Recently we acquired a set of spherical ice molds at the primary testing facility. While the idea of spherical ice is exciting all by itself, the packaging for the molds makes several bold claims about the properties of spheres. Having all of the equipment on hand to test those claims, we decided to do science to them.
Spherical ice mold packaging claims, “Ultra-slow-melting Ice Sphere quickly cools your cocktail without watering it down.”
Does spherical ice a) melt slowly, b) cool quickly, and c) dilute the drink less?
Since a sphere will have less surface area, for the same volume of ice, this means there is less contact between the ice and the liquid being cooled. Therefore, I expect less melting, but also slightly slower cooling.
Equipment & Materials:
- Bourbon (we used Maker’s Mark)
- kitchen scale
- Ice (cubes and a sphere)
- graduated cylinder (we used the 100mL beaker)
- probe thermometer
- Mass an empty glass.
- Add a single sphere ice to the glass.
- Mass glass and ice.
- Add 3 fl. oz. of bourbon to glass.
- Mass glass with ice and bourbon.
- Place temperature probe into glass.
- Record temperature until the bourbon reaches an acceptable drinking temperature, or stops changing.
- Remove probe and mass again.
- Remove ice and mass glass with bourbon.
- Repeat steps 1 through 9 using an equal mass of ice cubes.
- Enjoy responsibly with a fellow doer of science.
To determine how much ice melt occurs during the course of cooling, a series of mass measurements were taken to facilitate determining the mass of ice before and after each trial. The table below gives each of these measurements.
|Sphere (g)||Cubes (g)|
Based on the raw measurements, the masses of each component were computed, as show in the table below.
|Sphere (g)||Cubes (g)|
During the cooling phase of the experiment, temperatures were recorded every half second. Below is a graph showing the 5 second average temperature until the temperature stabilized (<0.01ºF/s). The slight uptick at the end is from the removal of the probe. Both the sphere and the cubes start cooling the bourbon very rapidly. The sphere however slows considerably around 35-40 seconds and comes to a final temperature around 39ºF. The cubes maintained a faster cooling rate and reached a final temperature around 33ºF. The cubes achieved this additional cooling in approximate 30 fewer seconds, starting with 8g less of ice.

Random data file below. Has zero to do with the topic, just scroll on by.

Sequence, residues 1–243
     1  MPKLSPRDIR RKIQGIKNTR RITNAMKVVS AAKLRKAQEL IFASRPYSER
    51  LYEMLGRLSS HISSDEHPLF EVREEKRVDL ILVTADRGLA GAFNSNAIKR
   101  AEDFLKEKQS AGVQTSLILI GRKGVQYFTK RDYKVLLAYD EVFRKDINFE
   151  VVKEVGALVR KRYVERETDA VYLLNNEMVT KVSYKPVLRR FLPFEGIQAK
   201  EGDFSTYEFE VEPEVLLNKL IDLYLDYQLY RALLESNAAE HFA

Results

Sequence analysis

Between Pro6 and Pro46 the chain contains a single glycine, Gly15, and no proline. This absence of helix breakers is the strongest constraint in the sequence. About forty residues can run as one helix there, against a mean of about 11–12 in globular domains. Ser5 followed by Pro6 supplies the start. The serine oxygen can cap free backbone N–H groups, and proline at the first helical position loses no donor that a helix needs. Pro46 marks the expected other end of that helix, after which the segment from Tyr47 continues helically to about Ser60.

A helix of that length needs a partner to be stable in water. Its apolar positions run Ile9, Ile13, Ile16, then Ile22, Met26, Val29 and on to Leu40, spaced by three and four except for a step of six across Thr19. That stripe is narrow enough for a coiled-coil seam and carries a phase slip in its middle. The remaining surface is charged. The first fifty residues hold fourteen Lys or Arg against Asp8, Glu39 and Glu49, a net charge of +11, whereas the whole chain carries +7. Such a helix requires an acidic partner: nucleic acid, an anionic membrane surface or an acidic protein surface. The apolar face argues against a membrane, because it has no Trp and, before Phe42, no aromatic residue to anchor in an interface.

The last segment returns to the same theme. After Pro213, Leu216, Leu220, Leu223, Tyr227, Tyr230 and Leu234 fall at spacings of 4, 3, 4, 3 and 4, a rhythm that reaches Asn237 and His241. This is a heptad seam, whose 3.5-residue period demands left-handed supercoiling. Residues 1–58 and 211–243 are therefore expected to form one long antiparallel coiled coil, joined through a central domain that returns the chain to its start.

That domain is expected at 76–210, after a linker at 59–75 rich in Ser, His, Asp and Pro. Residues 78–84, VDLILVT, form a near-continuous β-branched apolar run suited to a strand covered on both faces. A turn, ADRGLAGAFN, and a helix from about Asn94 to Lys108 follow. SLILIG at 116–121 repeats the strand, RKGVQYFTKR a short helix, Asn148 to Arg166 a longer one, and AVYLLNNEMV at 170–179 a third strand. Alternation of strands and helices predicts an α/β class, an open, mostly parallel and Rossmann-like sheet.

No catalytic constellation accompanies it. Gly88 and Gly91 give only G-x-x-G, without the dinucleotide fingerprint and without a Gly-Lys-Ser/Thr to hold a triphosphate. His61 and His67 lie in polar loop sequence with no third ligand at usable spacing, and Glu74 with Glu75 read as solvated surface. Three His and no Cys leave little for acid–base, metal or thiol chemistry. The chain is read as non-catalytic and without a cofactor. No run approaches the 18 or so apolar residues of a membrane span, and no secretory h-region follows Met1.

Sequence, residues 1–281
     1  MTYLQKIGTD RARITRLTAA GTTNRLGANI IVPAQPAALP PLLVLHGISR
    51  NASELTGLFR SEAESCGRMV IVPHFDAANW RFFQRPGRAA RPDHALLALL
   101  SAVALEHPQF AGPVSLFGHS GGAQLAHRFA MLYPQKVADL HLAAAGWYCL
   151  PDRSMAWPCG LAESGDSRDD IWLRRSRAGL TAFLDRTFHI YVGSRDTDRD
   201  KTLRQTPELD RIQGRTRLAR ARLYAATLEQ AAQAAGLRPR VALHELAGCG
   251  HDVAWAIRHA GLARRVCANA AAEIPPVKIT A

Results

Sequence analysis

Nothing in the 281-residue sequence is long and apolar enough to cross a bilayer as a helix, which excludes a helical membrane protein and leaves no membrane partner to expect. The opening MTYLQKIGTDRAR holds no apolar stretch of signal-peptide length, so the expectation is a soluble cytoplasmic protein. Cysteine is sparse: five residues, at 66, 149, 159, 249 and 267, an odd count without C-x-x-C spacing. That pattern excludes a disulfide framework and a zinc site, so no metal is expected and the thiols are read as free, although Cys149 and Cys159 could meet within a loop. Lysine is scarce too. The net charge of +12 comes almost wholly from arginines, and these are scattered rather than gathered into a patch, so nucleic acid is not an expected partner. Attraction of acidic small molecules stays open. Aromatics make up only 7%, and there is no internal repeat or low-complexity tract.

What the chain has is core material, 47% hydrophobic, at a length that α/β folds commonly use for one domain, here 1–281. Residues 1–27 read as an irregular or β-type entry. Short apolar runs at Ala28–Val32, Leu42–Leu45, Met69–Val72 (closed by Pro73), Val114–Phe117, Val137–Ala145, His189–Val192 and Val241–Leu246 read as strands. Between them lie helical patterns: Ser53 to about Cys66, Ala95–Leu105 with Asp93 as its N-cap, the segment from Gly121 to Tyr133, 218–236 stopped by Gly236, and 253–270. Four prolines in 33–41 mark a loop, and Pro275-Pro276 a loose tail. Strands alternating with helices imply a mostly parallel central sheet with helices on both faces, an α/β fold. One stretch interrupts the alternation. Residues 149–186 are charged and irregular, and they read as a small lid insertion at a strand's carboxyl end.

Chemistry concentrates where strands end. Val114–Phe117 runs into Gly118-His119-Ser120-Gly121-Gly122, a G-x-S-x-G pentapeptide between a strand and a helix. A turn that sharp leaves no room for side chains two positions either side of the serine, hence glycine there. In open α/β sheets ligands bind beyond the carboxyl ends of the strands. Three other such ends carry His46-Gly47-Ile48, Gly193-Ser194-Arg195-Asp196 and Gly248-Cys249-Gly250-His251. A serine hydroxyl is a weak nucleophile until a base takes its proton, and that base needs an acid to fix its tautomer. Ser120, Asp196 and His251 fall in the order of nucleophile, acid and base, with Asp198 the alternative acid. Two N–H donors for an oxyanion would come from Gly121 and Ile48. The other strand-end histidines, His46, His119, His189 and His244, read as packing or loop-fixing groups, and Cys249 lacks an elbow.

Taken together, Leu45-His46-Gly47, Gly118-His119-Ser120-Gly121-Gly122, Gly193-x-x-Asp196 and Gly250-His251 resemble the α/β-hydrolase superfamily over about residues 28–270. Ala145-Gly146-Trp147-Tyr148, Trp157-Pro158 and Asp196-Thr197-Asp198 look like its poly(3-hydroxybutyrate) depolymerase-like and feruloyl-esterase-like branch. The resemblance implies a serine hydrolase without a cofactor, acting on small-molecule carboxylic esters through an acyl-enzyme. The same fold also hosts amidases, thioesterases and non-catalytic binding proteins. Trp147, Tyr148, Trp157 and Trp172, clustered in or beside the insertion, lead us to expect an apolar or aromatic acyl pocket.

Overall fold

Using this temperature data, it’s possible to compute the rate of change over time. Below is a graph of the temperature change over time.
From this we can see that while both the sphere and the cubes managed the same peak level of cooling, the spheres peaked sooner and the cubes maintained a higher rate of cooling for a longer period of time. This resulted in more overall cooling by the cubes. If we look at the rate of cooling in conjunction with the amount of ice melted (see table below), we can see that while the cubes reached a lower final temperature than the sphere, and in less time than the sphere. The cubes did this by melting at a rate 43% greater than the sphere. In both cases the temperature change per gram of ice melted was nearly identical.
|Initial Bourbon Temp (ºF)||67.96||67.9|
|Final Bourbon Temp (ºF)||39.17||33.26|
|Total Time (s)||176s||144s|
|Average Cooling Rate (ºF/s)||0.164||0.241|
|Average Melt Rate (g/s)||0.113||0.162|
|Temp Change per gram of ice melted (ºF/g)||1.454||1.487|
Not only does the shape of the ice affect the rate of cooling, but it also had a surprising effect on what temperature the cooling appears to stop.
Based on these results, ice cubes not only cool faster, but are able to chill bourbon to a lower temperature. This increased cooling however comes at the cost of increased melting, and dilution of the drink. Therefore the ice spheres do appear to melt slower, chill the drink in a reasonable amount of time, and dilute the drink less. However ice cubes are able to cool a drink more rapidly and to a lower temperature.
Did the ice cubes only seem to cool faster due to larger direct contact with the probe? Would continual stirring affect the results? How do these cooling rates compare to say perfect cubes of ice, whiskey stones, or stainless steel cubes? How would using amounts of ice with equal surface areas affect the results?